9. Love most of what is written here. The only part that causes me to pause is where you twice sat you see me in my grief. I believe you can accurately say you understand it, but saying you see me ? Not only doesn’t it comfort me it drives the point home. No. You do not see me or have any idea how many empty chairs surround me or why. It felt patronizing. But your spot on in reminding all of us, we are not special or unique in our grieving. That alone kills you he pity party and makes the article worth reading. Best of luck as you embrace life with an empty seat at the table.

  10. Thank you for this article. I am missing my 14 year old daughter and my husband. It has been 35 years since my daughter passed (still not over it, just leaned to live with it. I lost my husband 9 years ago…Learned to live with it. Losing them will hurt forever. I am so blessed with my other daughter, son and daughter-in-law. They help the hurt.

  11. Grief rapidly empties holidays like a carved pumpkin. When my husband died 5 years ago, he took holidays with him. And our small family splintered. I assume it was he that held it together. So, I have simply bowed out of holidays, clumsily. I console myself with memories of warm childhood holidays and the traditions we created with children and dogs and friends. It was good. The memories warm me. Playing with fire is dangerous. Sometimes I realize holidays are artificial, shallow, corny, mercenary times of the year. And I am angry, bitter, sorrowful. It doesn’t help that there is a club.

  12. This will be the 16th year of my husband not being here…..died at age 50.. somewhat unexpectedly. Married 29 yrs, had been part of each others lives since 1st grade. I wish the calender would go from Oct. 31st to Jan. 1st….no matter how many friends/family one has, they r not the same kind of relationship. Holidays exploit/magnify everything I don’t have. I make great effort not 2 rain on others’ celebrations.

  13. Thank you. Beautiful, and so true: “… we can offer one another: our compassionate presence in this face of this terrible absence.”

    An old Celtic proverb: Joy shared is doubled; grief told, cut in half. With all that’s going on from the planetary level to our holiday tables (when we’re grateful to have food on a table), we come together spiritually in sorrow for our losses in the personal spaces of our relationships.

    We rely on more than bread alone, but we feed those we can. And we choose to feed ourselves spiritually.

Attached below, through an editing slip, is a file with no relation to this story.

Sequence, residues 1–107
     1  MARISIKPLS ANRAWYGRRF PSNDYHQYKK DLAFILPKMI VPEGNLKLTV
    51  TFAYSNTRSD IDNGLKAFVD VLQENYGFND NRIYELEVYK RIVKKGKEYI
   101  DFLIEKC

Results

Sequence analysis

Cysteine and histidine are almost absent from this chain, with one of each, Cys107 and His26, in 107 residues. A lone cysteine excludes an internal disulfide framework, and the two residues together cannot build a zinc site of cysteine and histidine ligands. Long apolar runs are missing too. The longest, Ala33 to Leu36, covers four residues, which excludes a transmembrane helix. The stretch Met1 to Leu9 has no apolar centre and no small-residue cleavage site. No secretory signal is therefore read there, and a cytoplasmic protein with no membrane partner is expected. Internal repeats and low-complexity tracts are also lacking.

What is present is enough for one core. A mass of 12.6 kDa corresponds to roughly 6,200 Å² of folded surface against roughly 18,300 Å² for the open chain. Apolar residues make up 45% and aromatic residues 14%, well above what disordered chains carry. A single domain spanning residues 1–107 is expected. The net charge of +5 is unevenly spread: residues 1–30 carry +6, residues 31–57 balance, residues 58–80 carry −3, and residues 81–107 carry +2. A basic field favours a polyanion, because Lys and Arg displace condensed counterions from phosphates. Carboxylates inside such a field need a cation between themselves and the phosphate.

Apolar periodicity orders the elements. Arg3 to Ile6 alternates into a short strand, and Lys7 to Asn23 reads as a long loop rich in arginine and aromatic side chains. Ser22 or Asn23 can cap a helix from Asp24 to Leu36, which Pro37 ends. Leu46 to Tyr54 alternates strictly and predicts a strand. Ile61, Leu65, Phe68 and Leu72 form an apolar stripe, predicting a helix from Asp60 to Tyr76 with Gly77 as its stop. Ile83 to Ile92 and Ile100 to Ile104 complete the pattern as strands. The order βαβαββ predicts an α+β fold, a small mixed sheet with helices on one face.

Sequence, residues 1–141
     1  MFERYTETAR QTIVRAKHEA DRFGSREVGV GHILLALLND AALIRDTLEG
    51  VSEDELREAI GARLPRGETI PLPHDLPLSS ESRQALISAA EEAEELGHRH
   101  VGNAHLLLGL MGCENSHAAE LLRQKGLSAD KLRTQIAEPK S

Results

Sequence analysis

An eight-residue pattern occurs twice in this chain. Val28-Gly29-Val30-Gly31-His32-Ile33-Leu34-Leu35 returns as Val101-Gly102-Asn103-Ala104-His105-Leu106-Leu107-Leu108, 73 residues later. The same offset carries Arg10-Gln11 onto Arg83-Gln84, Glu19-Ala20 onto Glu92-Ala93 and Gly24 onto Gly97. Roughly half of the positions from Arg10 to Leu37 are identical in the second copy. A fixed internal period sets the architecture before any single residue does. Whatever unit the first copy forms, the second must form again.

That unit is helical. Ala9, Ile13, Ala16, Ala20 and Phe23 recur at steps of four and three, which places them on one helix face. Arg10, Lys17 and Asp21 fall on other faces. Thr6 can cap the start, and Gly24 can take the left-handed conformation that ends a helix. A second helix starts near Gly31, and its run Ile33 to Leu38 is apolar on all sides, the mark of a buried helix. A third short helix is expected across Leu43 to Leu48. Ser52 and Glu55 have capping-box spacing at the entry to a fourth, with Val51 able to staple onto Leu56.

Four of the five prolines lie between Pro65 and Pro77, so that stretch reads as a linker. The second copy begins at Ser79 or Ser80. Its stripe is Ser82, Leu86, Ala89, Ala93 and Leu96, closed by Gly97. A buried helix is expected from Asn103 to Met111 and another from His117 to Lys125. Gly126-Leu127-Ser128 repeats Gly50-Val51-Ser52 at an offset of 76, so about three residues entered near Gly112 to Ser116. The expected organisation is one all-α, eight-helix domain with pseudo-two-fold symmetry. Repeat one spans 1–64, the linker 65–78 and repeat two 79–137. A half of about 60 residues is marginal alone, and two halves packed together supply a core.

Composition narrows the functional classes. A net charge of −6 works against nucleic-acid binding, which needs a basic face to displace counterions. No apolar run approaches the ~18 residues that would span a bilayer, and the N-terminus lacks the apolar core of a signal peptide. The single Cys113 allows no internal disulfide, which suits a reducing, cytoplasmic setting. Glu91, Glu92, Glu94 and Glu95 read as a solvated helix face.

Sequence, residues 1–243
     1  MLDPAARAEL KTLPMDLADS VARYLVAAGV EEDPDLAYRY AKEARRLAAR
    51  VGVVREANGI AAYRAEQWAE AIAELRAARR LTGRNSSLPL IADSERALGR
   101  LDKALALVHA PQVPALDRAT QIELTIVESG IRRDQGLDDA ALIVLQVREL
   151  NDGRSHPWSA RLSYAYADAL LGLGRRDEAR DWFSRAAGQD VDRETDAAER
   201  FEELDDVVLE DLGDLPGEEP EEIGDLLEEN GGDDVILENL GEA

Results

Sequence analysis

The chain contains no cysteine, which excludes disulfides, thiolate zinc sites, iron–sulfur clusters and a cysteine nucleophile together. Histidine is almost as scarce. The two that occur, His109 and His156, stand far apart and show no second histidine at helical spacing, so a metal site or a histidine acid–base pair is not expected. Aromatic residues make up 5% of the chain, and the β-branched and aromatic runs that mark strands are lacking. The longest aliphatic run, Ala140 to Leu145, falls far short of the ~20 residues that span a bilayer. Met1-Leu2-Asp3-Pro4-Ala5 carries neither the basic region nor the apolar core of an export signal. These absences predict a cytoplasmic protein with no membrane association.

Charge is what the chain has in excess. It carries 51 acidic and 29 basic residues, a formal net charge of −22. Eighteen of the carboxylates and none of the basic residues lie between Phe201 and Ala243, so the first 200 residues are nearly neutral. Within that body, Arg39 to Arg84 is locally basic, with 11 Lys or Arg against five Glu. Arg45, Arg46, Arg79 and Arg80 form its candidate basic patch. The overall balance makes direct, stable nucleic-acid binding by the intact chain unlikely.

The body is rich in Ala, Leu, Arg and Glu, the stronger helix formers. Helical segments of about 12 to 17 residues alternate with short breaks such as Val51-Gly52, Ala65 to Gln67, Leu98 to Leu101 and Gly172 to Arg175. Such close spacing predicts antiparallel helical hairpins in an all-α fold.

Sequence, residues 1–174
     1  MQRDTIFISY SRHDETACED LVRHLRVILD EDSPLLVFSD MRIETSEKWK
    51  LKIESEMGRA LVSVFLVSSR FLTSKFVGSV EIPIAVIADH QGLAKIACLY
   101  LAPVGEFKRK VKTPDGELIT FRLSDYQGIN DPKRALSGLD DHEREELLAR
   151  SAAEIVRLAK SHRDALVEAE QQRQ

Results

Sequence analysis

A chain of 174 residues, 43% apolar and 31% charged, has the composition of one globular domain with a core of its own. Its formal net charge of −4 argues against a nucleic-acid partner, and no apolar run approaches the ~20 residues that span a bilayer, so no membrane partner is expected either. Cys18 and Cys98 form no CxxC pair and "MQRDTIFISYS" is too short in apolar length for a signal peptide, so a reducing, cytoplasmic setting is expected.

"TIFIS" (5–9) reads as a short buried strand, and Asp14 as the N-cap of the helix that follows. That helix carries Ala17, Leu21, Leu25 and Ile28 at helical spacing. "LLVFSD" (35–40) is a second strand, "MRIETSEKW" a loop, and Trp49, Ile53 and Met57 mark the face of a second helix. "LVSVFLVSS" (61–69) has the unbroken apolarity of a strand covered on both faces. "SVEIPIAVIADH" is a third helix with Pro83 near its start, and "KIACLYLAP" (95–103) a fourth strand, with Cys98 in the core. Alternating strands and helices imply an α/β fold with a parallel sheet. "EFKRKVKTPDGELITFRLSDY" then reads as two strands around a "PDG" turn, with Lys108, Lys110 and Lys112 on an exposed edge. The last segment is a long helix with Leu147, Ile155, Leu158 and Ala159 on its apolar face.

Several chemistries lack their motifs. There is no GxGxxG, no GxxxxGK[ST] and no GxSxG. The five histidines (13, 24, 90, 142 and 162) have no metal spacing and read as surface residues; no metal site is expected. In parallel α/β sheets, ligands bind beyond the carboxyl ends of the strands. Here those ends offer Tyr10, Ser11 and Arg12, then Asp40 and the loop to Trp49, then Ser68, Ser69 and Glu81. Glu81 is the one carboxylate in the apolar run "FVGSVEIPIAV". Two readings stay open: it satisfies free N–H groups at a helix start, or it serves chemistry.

Also we invite the Holy Spirit’s compassion to comfort humanity (usually, if we’re American, we don’t yet know them personally) in migration from political horror, economic collapse and climate disruption, in trauma from war and habitat destruction, on and on the list could go. The promise of Jesus was never a suffering-free life on earth, instead that we’d be connected in relationship with infinite Love as we do our best to love ourselves and love one another as God’s image-bearers. Sounds simple, never easy, a real hero’s journey of spiritual growth for everyone without exception who freely chooses it.

    Your words, John, excellently help people embrace the cosmological hugeness of Christ’s solace for all that we have to bear, entering with us into our suffering, providing relief. When we breathe easier in the promised inner peace, reconciled spiritually by the supernatural work of cruciform love, we find our paradox of this and every Merry Christmas.

    Not everybody would choose the same words I’ve used to describe what’s spiritually available, there’s some culturally and politically motivated ecclesiastic history that drags things sideways, but I know God gently meets — in the unseen yet tangibly felt way — anyone who honestly seeks the freely available loving comfort.

    Despite a faith background from childhood, as an adult I desperately needed to meet the gentle God who looks like Jesus on the cross, caring for all of humanity, gifting supernatural power of the Holy Spirit to make it through what’s turning out to be many decades of life, many losses, many laughs (often at myself).

    To meet those needs, paradoxically the gentle God also dispensed the spiritual strength of authority to stand against accusatory uncaring evil (call the bad mojo what you will, I don’t correct Jesus’s theology and practices about unfriendly invisible forces as biblically described). The friendly God overcomes, and is for us, not against us.

    Anybody preaching a wrathful, shaming, fear-inducing Deity isn’t telling the truth about God’s love for humanity. (Oh, the harm that flawed theology has done in emotionally wounding family systems for generations. Oh, the unresolved woundedness that bubbles forth in aggression at holiday dinner tables among those seated there. Oh, the better ideas about God we could embrace to heal the brokenhearted.)

    What I mainly want for Christmas — wrap a ribbon around it — is that we retire the old, damaging ideas and free one another for equal access to our loving God around any table where we find ourselves.

  14. In my home it’s not an empty chair but an empty cradle. It makes the Advent season–waiting for the birth of Jesus–and worship services painful. Even seventeen years later I can’t bear to have any nativity scenes in my home. I was never able to get pregnant again after that child. (And please do not start with the “just adopt” panacea. It’s not that easy.)

  15. Pingback: Holidays and Empty Chairs | Betrayed